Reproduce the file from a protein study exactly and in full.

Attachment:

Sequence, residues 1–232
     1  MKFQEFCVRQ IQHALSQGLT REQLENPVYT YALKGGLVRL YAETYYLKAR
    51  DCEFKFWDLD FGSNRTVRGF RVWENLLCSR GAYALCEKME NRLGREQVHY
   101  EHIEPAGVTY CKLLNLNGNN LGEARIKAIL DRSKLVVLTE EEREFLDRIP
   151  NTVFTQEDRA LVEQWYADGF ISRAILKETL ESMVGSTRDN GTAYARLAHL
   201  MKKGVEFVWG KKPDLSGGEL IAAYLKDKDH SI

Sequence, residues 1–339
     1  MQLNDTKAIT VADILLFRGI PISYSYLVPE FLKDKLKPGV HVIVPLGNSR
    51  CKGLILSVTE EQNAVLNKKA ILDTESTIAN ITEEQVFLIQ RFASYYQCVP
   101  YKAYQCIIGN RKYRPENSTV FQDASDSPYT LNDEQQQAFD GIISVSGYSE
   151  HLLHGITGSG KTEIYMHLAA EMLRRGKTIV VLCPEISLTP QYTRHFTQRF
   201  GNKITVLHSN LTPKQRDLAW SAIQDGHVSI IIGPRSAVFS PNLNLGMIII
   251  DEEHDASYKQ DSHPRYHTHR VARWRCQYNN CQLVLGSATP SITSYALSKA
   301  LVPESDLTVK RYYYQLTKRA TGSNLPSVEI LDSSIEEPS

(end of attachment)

Sequence, residues 1–232
     1  MKFQEFCVRQ IQHALSQGLT REQLENPVYT YALKGGLVRL YAETYYLKAR
    51  DCEFKFWDLD FGSNRTVRGF RVWENLLCSR GAYALCEKME NRLGREQVHY
   101  EHIEPAGVTY CKLLNLNGNN LGEARIKAIL DRSKLVVLTE EEREFLDRIP
   151  NTVFTQEDRA LVEQWYADGF ISRAILKETL ESMVGSTRDN GTAYARLAHL
   201  MKKGVEFVWG KKPDLSGGEL IAAYLKDKDH SI

Sequence, residues 1–339
     1  MQLNDTKAIT VADILLFRGI PISYSYLVPE FLKDKLKPGV HVIVPLGNSR
    51  CKGLILSVTE EQNAVLNKKA ILDTESTIAN ITEEQVFLIQ RFASYYQCVP
   101  YKAYQCIIGN RKYRPENSTV FQDASDSPYT LNDEQQQAFD GIISVSGYSE
   151  HLLHGITGSG KTEIYMHLAA EMLRRGKTIV VLCPEISLTP QYTRHFTQRF
   201  GNKITVLHSN LTPKQRDLAW SAIQDGHVSI IIGPRSAVFS PNLNLGMIII
   251  DEEHDASYKQ DSHPRYHTHR VARWRCQYNN CQLVLGSATP SITSYALSKA
   301  LVPESDLTVK RYYYQLTKRA TGSNLPSVEI LDSSIEEPS